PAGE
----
World Bulletin / News Desk
President Recep Tayyip Erdogan rejoined the ruling Justice and Development (AK) Party upon signing his membership declaration during a special ceremony in the capital Ankara on Tuesday.
Speaking at the ceremony at AK Party headquarters, Erdogan said: "Today, I return to the party that I founded, my home, my passion, my love, which I had to leave according to our Constitution on August 27, 2014, when I was elected president."Under last month, under the previous Constitution’s rules, a Turkish president could not hold membership in a political party.
The April 16 constitutional change referendum overturned that rule.
Having rejoined the party ranks, Erdogan is now expected to be re-elected AK Party leader at an extraordinary congress in May.
In his speech at the ceremony, Prime Minister Binali Yildirim said Erdogan will be nominated chairman of AK Party during the congress that will be held on May 21.
Turning to Turkey’s European Union accession process, Erdogan said Turkey woud stop pursuing EU membership if the EU failed to open new accession chapters.
"You [EU] have no choice but to open these chapters you have not opened so far, if you don't, [then] goodbye," Erdogan said.
“Europe is giving all kinds of support to these [FETO terrorist] members and the PKK. Why?” Erdogan asked and added:
“They give such support to derail Turkey’s rise.”
The Fetullah Terrorist Organization (FETO) is accused by Turkey of orchestrating last July’s coup attempt, which left 249 martyrs and thousands dead, as well as being behind a longstanding effort to infiltrate and undermine Turkish institutions.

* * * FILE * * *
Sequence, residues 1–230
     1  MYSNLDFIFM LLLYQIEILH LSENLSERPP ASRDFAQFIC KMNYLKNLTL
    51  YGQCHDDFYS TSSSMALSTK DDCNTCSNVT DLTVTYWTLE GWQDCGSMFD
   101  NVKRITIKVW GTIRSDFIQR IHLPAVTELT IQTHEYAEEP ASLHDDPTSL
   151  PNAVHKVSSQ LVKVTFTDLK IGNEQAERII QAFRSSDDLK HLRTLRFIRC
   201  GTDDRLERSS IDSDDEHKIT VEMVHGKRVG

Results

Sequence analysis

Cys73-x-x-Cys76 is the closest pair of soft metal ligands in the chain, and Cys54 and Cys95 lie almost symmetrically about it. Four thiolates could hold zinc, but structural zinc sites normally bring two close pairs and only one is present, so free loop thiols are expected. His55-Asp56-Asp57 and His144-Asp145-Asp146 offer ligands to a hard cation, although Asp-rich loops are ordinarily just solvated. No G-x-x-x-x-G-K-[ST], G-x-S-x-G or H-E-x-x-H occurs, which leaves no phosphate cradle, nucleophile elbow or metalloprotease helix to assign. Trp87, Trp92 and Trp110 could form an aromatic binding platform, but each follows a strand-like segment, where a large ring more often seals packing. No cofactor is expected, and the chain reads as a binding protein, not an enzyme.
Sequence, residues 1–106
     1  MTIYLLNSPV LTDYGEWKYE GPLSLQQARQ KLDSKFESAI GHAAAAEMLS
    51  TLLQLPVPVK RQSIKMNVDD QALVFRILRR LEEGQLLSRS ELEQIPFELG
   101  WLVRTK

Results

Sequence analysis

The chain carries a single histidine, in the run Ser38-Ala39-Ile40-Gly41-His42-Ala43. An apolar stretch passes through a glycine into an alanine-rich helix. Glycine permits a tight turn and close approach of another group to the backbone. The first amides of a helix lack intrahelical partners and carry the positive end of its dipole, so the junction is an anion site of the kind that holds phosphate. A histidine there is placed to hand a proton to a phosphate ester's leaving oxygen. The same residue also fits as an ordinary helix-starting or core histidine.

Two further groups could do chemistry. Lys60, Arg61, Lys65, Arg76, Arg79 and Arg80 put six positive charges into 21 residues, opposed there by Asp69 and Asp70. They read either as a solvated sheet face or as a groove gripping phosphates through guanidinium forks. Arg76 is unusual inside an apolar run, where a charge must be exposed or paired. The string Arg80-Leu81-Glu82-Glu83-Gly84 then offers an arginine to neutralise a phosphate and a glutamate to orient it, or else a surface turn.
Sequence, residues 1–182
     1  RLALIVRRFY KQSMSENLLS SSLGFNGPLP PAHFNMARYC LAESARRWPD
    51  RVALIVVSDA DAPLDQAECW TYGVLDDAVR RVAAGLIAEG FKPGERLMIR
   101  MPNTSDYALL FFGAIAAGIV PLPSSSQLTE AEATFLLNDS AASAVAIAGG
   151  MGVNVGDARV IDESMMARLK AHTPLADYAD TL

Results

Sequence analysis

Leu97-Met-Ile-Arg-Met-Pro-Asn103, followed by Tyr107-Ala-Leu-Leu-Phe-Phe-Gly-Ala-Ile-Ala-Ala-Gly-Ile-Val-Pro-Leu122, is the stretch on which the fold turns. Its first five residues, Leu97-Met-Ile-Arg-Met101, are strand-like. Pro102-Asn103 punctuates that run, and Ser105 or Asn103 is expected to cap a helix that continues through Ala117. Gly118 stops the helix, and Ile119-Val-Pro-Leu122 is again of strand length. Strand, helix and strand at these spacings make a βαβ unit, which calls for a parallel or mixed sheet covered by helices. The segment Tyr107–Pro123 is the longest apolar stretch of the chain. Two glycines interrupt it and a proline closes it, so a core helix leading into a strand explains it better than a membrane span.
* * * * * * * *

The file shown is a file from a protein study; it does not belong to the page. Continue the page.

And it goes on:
More than 1,200 people, including security personnel and civilians, have lost their lives since the PKK -- listed as a terrorist organization by Turkey, the U.S. and the EU -- resumed its decades-old armed campaign in July 2015.
- 'Everyone is a first-class citizen'
Erdogan stressed that all Turkish citizens who have no ties to terrorism or treason will be treated equally.
“There are no second-class citizens in this country. All 80 million [Turkish citizens] are first-class citizens,” said Erdogan.
Erdogan led the AK Party for 13 years starting in 2001 but had to step aside when he became president in August 2014, due to a legal requirement for presidents to be politically neutral.
While handing over leadership to then-Prime Minister Ahmet Davutoglu at an AK Party extraordinary congress in 2014, Erdogan bid farewell to party members but added he was leaving with “the hope of rejoining”.
Erdogan becomes the fourth president to retain his party ties. Mustafa Kemal Ataturk, founder of the Republic of Turkey, maintained his membership in the Republican People’s Party (CHP), as did his successor, Ismet Inonu.
Turkey’s third president, Celal Bayar, was also a member of the Democrat Party.
Turkish presidents maintained party ties until the country’s 1960 coup. The post-coup Constitution prepared in 1961 forced Turkish heads of state to cut their links to political parties. The 1982 Constitution maintained that tradition.